1. Bernardi demands donations ban
Have you noticed that Cory Bernardi, a right-wing backbench Senator, is these days receiving the media coverage of a Minister or even leader? Bernardi is heading to the UN for three months as one of two Australian MP representatives (the other is Labor’s Lisa Singh). But the junket is unlikely to silence his growing say in domestic affairs. [Matthew Knott/Fairfax]
Usually Bernardi is known for throwing bombs at his own side, whether that be on issues like the Coalition’s abandoned pledge to reform the Racial Discrimination Act, same-sex marriage or Islam.
Heat switches to Shorten
Lindt siege police response in question
Amelia’s parents face a ‘difficult outcome’
Q&A: Germaine Greer remembers Richard Neville
Credlin pans Turnbull’s first year
Q&A: Actress performs sonnet in Nyungar
Richmond Football Club board challenged
Youngest Tromp daughter charged
Heat switches to Shorten
The Government is turning up the heat on Bill Shorten over his response to Sam Dastyari receiving money from a Chinese linked company. Courtesy ABC News 24.
But last week he showed that when he turns his attack on the other side, he can just as effective in directing the agenda (granted a space left painfully bare by Turnbull). Bernardi’s full-frontal assault on Sam Dastyari has yielded an extraordinary result in that one of Labor’s biggest media-tarts, fond of hauling corporate Australia before the Senate’s cameras for questioning has suddenly developed an acute case of camera-shyness.
Dastyari pulled out of an event on Monday. One week after I broke the original travel entitlement story for Fairfax Media, he has has still not fronted any camera nor responded to any journalist about why on earth he sends his personal bills to Chinese donors. Now Bernardi is calling for all foreign donations to be banned [Tom Iggulden/ABC] over what he says is a “new level of sleaze.” [Sky News]
Political commentator Laura Tingle writes Dastyari should be sacked. [Financial Review]
This came after the Government finally got its act together and launched a better-than-feeble attack directing pressure on Dastyari’s factional ally – Labor leader Bill Shorten. [Fairfax]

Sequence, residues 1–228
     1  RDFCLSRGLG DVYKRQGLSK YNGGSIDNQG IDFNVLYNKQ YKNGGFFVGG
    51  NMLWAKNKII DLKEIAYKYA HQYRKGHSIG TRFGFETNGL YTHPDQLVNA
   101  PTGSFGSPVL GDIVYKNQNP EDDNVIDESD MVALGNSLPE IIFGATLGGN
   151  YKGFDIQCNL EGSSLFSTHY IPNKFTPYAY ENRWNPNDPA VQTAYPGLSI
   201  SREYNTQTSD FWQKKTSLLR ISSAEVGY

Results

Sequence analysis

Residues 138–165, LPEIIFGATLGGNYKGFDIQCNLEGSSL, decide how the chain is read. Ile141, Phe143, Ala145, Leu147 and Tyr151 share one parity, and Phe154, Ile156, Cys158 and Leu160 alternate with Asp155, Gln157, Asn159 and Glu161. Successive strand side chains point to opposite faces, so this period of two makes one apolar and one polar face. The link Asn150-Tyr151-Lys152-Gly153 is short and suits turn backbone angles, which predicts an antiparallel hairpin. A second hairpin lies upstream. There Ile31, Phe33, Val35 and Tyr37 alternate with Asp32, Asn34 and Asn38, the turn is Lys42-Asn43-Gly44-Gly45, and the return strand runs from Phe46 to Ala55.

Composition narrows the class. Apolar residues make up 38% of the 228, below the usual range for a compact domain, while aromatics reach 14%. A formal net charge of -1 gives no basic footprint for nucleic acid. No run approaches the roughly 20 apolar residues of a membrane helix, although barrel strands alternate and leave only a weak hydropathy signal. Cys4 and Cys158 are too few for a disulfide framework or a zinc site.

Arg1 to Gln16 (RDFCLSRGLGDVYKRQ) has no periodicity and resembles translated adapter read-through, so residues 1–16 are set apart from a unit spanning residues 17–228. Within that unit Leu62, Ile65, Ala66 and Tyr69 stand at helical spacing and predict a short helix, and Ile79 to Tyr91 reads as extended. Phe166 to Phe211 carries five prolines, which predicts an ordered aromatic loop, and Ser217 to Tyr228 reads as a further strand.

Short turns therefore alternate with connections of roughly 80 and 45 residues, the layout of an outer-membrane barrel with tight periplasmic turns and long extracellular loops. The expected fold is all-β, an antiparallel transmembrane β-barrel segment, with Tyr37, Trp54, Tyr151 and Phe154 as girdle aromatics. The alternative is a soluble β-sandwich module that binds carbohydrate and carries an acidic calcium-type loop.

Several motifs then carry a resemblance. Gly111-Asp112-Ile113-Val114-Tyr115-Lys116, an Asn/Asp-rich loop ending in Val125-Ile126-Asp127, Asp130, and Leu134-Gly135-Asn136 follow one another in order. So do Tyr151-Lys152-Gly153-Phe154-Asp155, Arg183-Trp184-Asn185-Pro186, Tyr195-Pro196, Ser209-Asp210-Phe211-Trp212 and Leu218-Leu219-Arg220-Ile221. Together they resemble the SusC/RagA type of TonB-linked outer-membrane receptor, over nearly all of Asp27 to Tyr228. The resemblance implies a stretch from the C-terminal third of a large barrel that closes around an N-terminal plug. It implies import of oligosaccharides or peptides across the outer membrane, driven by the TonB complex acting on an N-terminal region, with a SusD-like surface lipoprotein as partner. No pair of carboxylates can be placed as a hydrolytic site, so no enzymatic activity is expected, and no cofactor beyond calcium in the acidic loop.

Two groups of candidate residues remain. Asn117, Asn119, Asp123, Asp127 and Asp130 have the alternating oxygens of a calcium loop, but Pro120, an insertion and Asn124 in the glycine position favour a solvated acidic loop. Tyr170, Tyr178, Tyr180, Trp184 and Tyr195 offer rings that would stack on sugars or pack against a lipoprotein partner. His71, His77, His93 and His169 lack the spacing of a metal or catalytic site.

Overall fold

In other political news:
Prime Minister Malcolm Turnbull has demanded France’s ferocious commitment to securing Australia’s submarine build data in a meeting with President Francois Hollande at the G20. [Chris Uhlmann/ABC]
Peta Credlin has gone all Ronan Keating on us a la You say it best when you say nothing at all. Asked to name one Turnbull triumph the lady fell silent. It’s hard to argue… she’s got a point! [Beau Donelly/Fairfax]
While her record as an administrator will always be marred by the fact that her boss was kicked out of office by his own mob, it is also partly redeemed by the failure of those who replaced him to do any better. Credlin is proving a sharp commentator but prefers to talk to the very right-wing commentators who don’t ever challenge and indeed at times coach her on-air. Depending on how far she wants to take her media or even potential future political career she will need to expand her repertoire beyond engaging Tony Abbott’s media fan-club.
2. Rio Tinto sued over baby powder
Can Rio Tinto be held accountable for how the minerals they extract are used in products created and sold by a second company – in this case Johnson & Johnson?
That’s what the US legal system is about to test after ovarian cancer sufferers named the mining giant alongside Johnson & Johnson in a lawsuit claiming their use of talcum powder (sourced from Rio’s mines) caused their illnesses. [Sarah Danckert/Fairfax]
3. Britain rejects ‘Australian-style’ immigration system
British Prime Minister Theresa May at the G20, Hangzhou, China. Photo: Sanghee Liu